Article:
Failed 10-Year Quest for DIgital Image Exchange Elicits a Call to Action

Despite the widespread availability of technology to transfer electronic health information, medical imaging data is still predominately exchanged between institutions via physical media (eg, CD, DVD, or flash drive).


David B. Larson, MD, Arun Krishnaraj, MD, David S. Mendelson, MD, Curtis P. Langlotz, MD, Christoph Wald, MD
April 12, 2022

A group of seasoned imaging informatics veterans, fed up with years of relatively fruitless toil to achieve interinstitutional image exchange, called on health care providers to use their market power and contract only with image exchange vendors who commit to begin vendor-to-vendor image exchange by no later than 2024.

“Despite the widespread availability of technology to transfer electronic health information, medical imaging data is still predominately exchanged between institutions via physical media (eg, CD, DVD, or flash drive),” despair Larson et al in the March issue of the Journal of the American College of Radiology. Calling this manual process unreliable, burdensome, inconvenient, and an unacceptable and frequent cause of delays in patient care, the authors assess options and provide evidence that the failure to achieve more patient-friendly image exchange was not for the want of effort on the part of many radiologists, physicists, and organized radiology.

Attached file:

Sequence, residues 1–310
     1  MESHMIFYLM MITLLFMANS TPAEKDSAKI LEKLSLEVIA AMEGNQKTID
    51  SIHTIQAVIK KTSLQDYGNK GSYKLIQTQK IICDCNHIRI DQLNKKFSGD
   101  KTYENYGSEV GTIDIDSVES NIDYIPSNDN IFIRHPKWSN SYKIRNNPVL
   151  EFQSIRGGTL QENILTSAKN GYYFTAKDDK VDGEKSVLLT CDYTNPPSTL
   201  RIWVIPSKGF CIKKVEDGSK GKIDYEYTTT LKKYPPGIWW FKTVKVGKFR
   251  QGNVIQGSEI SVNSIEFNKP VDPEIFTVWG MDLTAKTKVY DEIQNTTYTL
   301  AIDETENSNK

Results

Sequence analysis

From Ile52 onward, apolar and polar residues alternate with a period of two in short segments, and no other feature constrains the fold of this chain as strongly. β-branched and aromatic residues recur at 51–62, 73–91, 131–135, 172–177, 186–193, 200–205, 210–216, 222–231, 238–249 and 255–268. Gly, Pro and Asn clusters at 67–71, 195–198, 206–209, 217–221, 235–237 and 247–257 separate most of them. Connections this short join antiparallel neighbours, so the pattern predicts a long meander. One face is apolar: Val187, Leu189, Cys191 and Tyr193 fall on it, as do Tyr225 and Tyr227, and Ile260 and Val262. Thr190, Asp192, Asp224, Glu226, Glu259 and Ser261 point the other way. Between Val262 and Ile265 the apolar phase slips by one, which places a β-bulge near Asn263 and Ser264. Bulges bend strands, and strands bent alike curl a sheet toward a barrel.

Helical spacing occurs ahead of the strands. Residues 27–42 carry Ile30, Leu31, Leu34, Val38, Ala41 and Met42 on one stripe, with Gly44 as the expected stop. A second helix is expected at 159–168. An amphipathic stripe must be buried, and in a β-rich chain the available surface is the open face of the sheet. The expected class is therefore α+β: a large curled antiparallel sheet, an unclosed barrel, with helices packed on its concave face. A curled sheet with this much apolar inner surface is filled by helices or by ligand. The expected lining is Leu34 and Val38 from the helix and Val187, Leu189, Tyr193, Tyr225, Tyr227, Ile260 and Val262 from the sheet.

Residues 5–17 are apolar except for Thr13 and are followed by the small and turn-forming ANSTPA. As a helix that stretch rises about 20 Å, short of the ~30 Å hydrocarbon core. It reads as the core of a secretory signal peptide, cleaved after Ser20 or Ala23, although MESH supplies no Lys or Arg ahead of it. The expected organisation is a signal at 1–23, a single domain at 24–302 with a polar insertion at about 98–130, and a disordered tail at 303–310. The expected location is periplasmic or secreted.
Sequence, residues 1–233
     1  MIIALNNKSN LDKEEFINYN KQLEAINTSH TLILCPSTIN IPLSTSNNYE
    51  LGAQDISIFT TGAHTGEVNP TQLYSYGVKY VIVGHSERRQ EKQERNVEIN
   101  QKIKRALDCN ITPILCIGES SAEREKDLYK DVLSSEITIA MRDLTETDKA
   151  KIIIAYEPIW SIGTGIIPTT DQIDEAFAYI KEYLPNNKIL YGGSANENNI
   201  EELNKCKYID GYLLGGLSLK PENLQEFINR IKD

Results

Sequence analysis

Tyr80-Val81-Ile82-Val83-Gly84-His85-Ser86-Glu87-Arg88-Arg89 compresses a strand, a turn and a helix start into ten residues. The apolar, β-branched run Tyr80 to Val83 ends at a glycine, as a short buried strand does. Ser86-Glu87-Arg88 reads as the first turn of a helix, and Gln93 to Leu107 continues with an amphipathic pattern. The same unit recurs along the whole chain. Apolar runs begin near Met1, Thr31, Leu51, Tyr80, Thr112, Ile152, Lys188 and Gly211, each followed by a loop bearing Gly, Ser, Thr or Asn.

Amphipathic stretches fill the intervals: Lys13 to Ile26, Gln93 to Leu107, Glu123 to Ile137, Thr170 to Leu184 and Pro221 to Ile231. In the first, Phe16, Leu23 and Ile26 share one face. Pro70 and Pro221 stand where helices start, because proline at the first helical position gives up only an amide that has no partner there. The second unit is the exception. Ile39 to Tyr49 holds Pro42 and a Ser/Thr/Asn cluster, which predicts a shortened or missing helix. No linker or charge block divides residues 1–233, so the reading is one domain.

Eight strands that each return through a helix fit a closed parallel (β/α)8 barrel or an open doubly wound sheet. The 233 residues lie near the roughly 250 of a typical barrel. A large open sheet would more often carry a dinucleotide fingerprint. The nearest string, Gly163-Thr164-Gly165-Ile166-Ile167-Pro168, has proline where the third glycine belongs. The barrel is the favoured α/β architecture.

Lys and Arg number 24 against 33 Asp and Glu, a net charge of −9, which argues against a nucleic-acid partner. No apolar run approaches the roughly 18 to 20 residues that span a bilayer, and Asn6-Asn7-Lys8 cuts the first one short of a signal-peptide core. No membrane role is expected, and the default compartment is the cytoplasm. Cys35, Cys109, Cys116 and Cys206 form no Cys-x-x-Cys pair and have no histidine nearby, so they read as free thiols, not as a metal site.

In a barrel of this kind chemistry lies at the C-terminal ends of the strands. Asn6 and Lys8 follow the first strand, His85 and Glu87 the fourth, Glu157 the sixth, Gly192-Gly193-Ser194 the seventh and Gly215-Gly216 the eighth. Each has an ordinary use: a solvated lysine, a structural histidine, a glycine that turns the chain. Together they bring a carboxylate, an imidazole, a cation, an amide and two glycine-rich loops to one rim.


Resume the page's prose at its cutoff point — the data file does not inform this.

At the outset, Larson et al make the point that solutions attempted during the past 10 years have focused on the technical problems associated with interinstitutional image exchange, but bigger problems could be related to market dynamics, misaligned incentives, and other coordination problems. The ensuing summary of their article highlights the individual efforts— from DICOM document exchange protocol to the ACR’s #ditchthedisk campaign— and describes the image-exchange models discussed.

The authors frame the problem as a network problem, recognizing that autonomous nodes (in this case health care institutions) connected by links comprise the “exchange.” In some cases, the nodes are linked via a hub, an intermediary technology and the managing organization.

Seven Network Types

Seven types of networks were identified, including three basic models and four hybrid models.

Basic models include: